When I went back out on my own, full-time in June 2018, I couldn’t stop [the videos] because people were in love and commenting, “We love your ‘Tip Tuesdays,’ we love to see what you’re going to say next,” so I had to keep that going. I basically have kept it going until now, five years later. I also tried “Thursday Thoughts,” featuring other designers from businesses here in Charlotte and highlighting them to help drive their business. Those were longer, more in-depth videos about their business or where they’re from. The concept was nice, but people aren’t going on social media to watch a video that’s three, five, eight minutes long—and they ended up turning into 10 or 13 minutes long. I was like, ‘I’m spending all this time with people, which is nice, but they’re not getting views; people aren’t engaging.’ [Viewers’] attention spans are a minute or less. And people weren’t really reaching out about filming new ones. So I took a pause on that, and then I started just doing “Tip Tuesdays,” featuring myself and design-related things.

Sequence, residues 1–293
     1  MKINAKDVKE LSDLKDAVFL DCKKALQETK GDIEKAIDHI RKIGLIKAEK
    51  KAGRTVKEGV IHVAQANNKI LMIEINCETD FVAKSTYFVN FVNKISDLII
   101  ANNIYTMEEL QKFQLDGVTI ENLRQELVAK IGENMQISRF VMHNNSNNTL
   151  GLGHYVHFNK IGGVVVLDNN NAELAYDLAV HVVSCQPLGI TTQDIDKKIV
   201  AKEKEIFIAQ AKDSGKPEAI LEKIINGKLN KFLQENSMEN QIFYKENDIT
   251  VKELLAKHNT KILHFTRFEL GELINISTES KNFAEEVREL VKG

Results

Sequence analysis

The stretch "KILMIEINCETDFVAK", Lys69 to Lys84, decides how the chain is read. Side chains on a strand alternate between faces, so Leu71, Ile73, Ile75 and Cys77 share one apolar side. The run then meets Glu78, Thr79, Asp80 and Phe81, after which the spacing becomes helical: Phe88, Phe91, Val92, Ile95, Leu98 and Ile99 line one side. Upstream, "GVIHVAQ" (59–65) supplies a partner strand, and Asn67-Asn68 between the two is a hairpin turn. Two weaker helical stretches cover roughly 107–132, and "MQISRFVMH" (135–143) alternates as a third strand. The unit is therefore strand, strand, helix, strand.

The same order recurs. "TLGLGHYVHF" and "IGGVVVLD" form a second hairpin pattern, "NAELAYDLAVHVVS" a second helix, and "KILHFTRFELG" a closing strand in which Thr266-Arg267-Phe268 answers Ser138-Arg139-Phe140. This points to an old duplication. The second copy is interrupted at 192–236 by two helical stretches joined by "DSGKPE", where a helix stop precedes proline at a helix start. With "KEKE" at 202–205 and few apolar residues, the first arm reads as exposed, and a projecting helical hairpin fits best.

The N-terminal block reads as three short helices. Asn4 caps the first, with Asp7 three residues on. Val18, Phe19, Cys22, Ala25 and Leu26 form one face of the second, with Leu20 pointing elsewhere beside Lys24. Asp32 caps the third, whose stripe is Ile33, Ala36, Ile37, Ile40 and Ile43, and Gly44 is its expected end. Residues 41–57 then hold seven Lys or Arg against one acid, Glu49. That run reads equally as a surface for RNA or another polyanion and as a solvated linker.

Last year, I came up with the idea for Frustrating Friday. I did a little thinking, bouncing the idea off of other design colleagues—I was like, “What do you think about this [concept], where I just tell it like it is to people in a matter-of-fact video, just to be real about things behind the scenes in interior design?” People were like, “We love that idea—we need someone to tell people how it is, and if it’s going to be anyone, it’s you.” But the videos have evolved into other things, too, and now I’ve even done a couple “Frustrating Fridays” for Market—about [the overuse of] boucle and skirts. Some of those from Market are funny, and other ones I’ve done are like, “Listen, this is how it is, and I’m kind of mad about this, and this is why.” I want people to know that I’m not just this happy-go-lucky person, because I’m not, and no one is. People think they have to put on this persona for social media that everything’s always fine, but I’m actually showing my actual, real personality—I’m a very blunt, matter-of-fact person.
When did you start approaching social media with a strategy?